BlueSound Takes Second Look At Wireless Multizone Audio - Twice

BlueSound Takes Second Look At Wireless Multizone Audio

Second-gen lineup expands speaker selection, upgrades performance
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BlueSound’s second-generation wireless multizone-audio lineup

New York -- BlueSound packed its second-generation wireless multizone-audio products with feature and performance enhancements and expanded the selection of amplified tabletop Wi-Fi speakers with smaller sizes and lower price points.

The Lenbrook-owned brand unveiled its first BlueSound products in October 2013, all with high-resolution 24-bit/192kHz music decoding and playback. With the six models in the BlueSound Gen 2 lineup, the brand continues to position its products as a step up from Sonos and Bose. BlueSound sees its mission as reaching music enthusiasts who have not grown up with full-size audio components offered by such brands as Lenbrook’s NAD but who are nonetheless interested in high-performance audio.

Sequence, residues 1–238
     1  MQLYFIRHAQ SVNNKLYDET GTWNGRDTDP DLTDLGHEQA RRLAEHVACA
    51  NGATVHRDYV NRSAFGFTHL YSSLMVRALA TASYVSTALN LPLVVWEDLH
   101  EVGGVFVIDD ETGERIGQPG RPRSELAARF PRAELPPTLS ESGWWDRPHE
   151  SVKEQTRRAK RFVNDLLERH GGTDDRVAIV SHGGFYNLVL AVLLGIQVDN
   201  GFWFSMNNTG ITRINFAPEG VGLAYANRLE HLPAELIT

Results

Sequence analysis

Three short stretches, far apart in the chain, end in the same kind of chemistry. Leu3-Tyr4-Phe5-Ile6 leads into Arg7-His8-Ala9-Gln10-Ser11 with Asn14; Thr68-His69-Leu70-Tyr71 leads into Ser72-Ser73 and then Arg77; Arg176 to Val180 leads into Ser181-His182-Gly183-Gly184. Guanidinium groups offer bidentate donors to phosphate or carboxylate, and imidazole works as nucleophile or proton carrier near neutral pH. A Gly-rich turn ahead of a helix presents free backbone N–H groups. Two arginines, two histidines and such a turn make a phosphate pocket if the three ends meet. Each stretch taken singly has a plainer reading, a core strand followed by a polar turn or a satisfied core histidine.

The lineup: The latest BlueSound products, which are compatible with first-generation models, consist of the $799-suggested Power Node 2 streamer/amplifier, which drives separately purchased passive speakers; the $499 Node 2 streamer, which lacks amplifier and connects to existing sound systems; the $1,199 Vault 2 streamer with CD ripper and 2TB hard drive; and three single-chassis amplified speakers. They expand the tabletop-speaker selection to three from the first-generation’s sole $699 model.